Though we are still in an ice age, we are in a “glacial minimum” or “interglacial”, during which the ice sheets characteristic of an ice age shrink back to cover only the areas near the poles and the highest mountains. The current interglacial period would be expected to end (without anthropogenic contributions to atmospheric CO2) in about 15,000 years, but if we keep increasing CO2 (up to at least 750 ppm), we could put it off another 35,000 years. So our great(x600)-grandchildren through our great(x2000) grandchildren will avoid the TRULY catastrophic return to hard-core ice-age conditions if we can just continue pumping CO2 into the atmosphere. Personally, I hope the experts are wrong and we can throw the planet out of the ice age entirely with CO2 emissions (possibly supplemented with some methane). Unfortunately, however, even if it’s possible, it will take several millenia to be realized. So you and I will never live to see the wonder and glory of an ice-free planet. Just our bad luck to be born in the unusual time of an ice age. But if we can convince the world to not be so near-sighted, and instead think of generations thousands of years in the future, we can make this world a better, more natural place than it will otherwise be.

  31. Lars P. says:

    well let me understand..
    1) the Earth — the whole planet — wobbled on its axis. That happens periodically. But this time, a lot more summer sunlight hit the northern hemisphere. Gigantic ice sheets in the Arctic and Greenland melted.
    why did it melted suddenly so much? each summer ice melts without stopping the Golfstream? There was the theory that the Younger Dryas has seen a sudden freeze through an outburst of melted water due to a sudden break of a meltwater lake. but only melting ice…
    And did it not cause return to the ice age that time?
    – this point is already very weak
    2) so water in the Atlantic stayed put. and that warmed the Antarctic
    How did warm water staying put in the Nord Atlantic warm the Antarctic? It did not change the currents around the Antarctic? So what warmed the Antarctic?
    3) Eventually, ocean currents and wind patterns changed, and carbon dioxide rose out of the southern oceans and into the atmosphere.
    ? Why? I mean ok, the currents changed but why did the ocean released CO2? Then tend to do it so when they are upset?
    4) “Eric Wolff, a climate scientist at the British Antarctic Survey, isn’t convinced a wobble was the trigger — the planet had wobbled before and not melted the ice. But he says whatever did start the process during the ice age, the subsequent increase in CO2 created a runaway greenhouse effect worldwide.”
    Ah, ok I see it. So something triggered the output of CO2 from the ocean, be it warmer waters or “something else” not defined and then CO2 started warming the planet.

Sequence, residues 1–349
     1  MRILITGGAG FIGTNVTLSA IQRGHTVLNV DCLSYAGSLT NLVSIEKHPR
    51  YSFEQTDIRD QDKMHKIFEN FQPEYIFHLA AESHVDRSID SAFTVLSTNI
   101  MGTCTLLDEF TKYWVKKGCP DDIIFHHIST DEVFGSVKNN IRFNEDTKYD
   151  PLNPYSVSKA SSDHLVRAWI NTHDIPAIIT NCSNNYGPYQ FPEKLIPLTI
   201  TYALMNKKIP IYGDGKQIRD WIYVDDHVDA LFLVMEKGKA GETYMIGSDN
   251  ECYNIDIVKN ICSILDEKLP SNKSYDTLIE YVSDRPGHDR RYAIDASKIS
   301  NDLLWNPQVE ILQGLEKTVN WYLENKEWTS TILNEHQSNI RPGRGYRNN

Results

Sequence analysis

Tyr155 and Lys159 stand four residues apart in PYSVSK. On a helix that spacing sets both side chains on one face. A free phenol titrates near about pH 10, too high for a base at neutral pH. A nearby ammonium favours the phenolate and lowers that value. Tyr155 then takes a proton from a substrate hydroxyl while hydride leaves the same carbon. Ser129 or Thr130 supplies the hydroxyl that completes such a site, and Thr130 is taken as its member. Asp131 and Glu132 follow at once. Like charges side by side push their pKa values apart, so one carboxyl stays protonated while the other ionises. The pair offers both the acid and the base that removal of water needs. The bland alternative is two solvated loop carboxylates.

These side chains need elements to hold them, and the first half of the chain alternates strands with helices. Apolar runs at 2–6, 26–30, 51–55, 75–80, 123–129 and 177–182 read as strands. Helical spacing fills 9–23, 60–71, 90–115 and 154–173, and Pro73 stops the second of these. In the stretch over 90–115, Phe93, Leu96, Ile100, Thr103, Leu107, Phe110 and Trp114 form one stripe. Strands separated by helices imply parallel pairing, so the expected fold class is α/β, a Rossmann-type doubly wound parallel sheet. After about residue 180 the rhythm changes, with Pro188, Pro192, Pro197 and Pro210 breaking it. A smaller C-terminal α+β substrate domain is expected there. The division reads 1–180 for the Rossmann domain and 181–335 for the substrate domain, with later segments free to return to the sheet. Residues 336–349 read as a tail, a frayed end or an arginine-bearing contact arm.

5) “The CO2 increase turned what initially was a Southern Hemisphere warming into a global warming. That’s a very nice sequence of events to explain what happened between about 19,000 and 11,000 years ago,” Wolff says.
    Whatever warmed the Southern Hemisphere did not warm the Northern Hemisphere, but the CO2 dunit. And whatever warmed the Antarctis warmed only there locally.
    I got it now, the Antarctic warming was only local like the MWP in Greenland.

  32. Trevor says:

    D. Cohen says:
    “… remember that water vapor is a much stronger greenhouse gas, …”

    Not true. Gram-for-gram, carbon dioxide is 30 times as powerful a greenhouse gas as water vapor. The only reason water vapor is so much more important than CO2 is because there’s hundreds of times more of it in the atmospehere. (By the way, methane is between one and two orders of magnitude stronger than CO2, but between 2 and 3 orders of magnitude less common in our atmosphere.)

    Regards,
    Trevor

  33. Rosco says:

    Water vapour is the most “potent greenhouse gas” with numerous absorption bands across a widw spectrum and at some 50 – 60 times the concentration of CO2.

    If the backradiation “greenhouse” hypothesis is correct logic dictates the effect should be most pronounced in areas where the concentration is greatest – that is humid tropical locations.

    Any cursory summary of temperature records shows the surface air temperature of tropical deserts – where the water vapour concentrations are extremely low – is nearly 10 or more degrees C above similar tropical locations where the water vapour concentration is nearly concentrated.

    Besides the Moon indicates our atmosphere and oceans REDUCE the heating effect of the solar radiation during the day.

    This is an interesting paradox – lower local “greenhouse gas” concentrations resulting in higher temperatures – for my two cents worth this alone casts serious doubt over the “greenhouse effect” hypothesis.

  34. peterhodges says:

    NPR???

    The article is horribly written. It’s phrased like they’re talking to 5-year-olds, contains inconsistencies, and it makes numerous factual errors.

    As for Shakun, nothing more than Winston hard at work at the Ministry. They just pretend the entire science of Geology does not even exist.

  35. peterhodges says:

    If you really want a shock, pour through some of the comments over at NPR.

    Frightful.

  36. Andreas says:

    “The proxy database provides an opportunity to explore what triggers
    deglacial warming. Substantial temperature change at all latitudes
    (Fig. 5b), as well as a net global warming of about 0.3 uC (Fig. 2a),
    precedes the initial increase in CO2 concentration at 17.5 kyr ago,
    suggesting that CO2 did not initiate deglacial warming.

    “The identification of orbital frequencies